Die Niebelungen (1924) Review

Die Nibelungen (“The Nibelungens”) (1924) Director: Fritz Lang



Die Nibelungen was actually filmed as a short series featuring both “Siegfried” as well as the “Kriemhild’s Revenge.” Fritz Lang co-wrote the screenplays for both films with his then-wife, and they based the story on the the medieval epic poem of the same name, the same epic myth that gave rise to Wagner’s Ring.

Die Nibelungen is an epic masterpiece from Fritz Lang, further cementing his reputation as the “master of darkness” and one of the definitive directors of the silent era. However the film(s) are extremely long, both parts lasting nearly 150 minutes each, but the sets and cinematography are worlds ahead of its time. Truly visually stunning. It is a beautiful film to view, but not to follow the plot and remain invested in its story.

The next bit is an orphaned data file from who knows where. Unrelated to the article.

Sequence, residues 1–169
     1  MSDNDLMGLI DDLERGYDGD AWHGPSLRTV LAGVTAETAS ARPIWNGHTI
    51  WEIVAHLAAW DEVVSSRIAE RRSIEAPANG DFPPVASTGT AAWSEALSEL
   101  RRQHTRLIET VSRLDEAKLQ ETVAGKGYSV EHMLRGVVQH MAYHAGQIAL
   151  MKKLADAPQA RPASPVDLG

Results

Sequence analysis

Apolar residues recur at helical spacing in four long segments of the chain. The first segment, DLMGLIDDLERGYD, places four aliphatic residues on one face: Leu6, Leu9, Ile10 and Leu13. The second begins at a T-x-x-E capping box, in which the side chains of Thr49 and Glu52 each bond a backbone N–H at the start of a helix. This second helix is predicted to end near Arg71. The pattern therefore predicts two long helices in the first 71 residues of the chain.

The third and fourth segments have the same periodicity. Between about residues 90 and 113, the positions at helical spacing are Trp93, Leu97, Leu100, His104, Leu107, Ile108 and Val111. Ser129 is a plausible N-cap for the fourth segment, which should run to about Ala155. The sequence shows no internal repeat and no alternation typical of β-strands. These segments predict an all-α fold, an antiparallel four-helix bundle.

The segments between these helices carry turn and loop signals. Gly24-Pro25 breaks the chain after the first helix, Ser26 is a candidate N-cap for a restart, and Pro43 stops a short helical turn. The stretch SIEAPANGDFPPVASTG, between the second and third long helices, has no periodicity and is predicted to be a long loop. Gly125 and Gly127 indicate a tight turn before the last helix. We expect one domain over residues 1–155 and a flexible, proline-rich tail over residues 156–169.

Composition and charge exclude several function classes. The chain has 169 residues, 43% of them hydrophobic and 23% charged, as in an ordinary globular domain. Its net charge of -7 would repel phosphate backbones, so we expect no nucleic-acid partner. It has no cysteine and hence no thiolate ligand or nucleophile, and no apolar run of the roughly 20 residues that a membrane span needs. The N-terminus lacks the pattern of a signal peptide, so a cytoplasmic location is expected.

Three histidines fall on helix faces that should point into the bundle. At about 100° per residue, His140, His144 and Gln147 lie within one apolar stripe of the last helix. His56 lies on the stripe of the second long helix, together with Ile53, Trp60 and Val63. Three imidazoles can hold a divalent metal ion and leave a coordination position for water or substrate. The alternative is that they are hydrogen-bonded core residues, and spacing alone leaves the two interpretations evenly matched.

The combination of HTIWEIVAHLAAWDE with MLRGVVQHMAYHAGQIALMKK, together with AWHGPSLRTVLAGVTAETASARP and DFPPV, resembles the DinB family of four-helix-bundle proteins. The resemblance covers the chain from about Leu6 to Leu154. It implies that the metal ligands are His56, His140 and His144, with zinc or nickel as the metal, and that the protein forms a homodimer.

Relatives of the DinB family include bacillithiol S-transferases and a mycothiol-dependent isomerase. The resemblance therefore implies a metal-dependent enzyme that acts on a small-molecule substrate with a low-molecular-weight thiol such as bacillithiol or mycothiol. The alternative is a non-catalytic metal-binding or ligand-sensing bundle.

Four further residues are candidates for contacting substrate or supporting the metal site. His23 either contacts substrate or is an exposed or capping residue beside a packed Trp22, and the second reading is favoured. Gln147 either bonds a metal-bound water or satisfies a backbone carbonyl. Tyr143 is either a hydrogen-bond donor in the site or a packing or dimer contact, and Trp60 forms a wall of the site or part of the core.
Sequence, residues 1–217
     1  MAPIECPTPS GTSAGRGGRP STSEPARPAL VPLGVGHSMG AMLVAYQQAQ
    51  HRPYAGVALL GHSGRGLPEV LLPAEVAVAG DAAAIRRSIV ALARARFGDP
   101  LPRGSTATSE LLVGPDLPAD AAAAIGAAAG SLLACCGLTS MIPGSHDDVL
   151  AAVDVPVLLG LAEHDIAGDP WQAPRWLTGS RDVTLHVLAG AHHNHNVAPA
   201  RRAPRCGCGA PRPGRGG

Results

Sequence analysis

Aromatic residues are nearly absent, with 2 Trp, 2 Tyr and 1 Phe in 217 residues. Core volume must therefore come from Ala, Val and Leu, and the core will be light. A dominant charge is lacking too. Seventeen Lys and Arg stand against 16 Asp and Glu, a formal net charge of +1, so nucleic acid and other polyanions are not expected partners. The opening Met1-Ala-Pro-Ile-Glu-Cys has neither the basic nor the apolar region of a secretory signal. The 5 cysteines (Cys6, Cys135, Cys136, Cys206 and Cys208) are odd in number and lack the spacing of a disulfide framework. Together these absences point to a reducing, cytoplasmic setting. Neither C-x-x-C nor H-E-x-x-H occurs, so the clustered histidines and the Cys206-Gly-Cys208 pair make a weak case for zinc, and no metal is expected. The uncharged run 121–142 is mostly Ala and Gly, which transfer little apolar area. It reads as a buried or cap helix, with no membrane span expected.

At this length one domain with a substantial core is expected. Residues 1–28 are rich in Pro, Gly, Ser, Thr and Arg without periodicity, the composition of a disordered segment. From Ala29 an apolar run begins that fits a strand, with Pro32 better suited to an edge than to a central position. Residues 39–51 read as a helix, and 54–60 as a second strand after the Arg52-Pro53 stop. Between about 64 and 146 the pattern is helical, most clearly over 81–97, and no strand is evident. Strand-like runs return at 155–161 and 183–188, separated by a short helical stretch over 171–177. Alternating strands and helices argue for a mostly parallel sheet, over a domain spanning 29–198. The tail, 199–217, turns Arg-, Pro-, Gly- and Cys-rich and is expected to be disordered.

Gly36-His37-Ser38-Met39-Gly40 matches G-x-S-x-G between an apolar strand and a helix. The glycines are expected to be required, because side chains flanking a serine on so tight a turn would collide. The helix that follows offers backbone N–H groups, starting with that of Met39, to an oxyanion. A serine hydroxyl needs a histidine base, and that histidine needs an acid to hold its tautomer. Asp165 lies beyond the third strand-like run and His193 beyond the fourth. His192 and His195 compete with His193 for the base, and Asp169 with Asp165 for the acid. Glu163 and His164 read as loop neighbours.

The whole of the film is constructed as if modeled on a Romantic, Germanic fairy tale, with castles and forests filled with all manner of adventures and creatures. It tells the story of prince Siegfried who goes to win a woman’s hand in marriage, but first he is instructed to cross through a dangerous forest where he encounters a dragon which he slays and then bathes in the blood of the dragon, thus making him invincible, save for one lone spot where a leaf has covered his shoulder. As a result he can now communicate with the birds, as well. He battles with the dwarves of the mountain, and defeats them as they curse him and turn to stone. He arrives in Burgundy and eventually takes a princess’s hand in marriage. The first part ends in tragedy as Siegfried is killed, and the princess commits suicide at the foot of his corpse. Part II, details the revenge plot against Hagen, killer of Siegfried.

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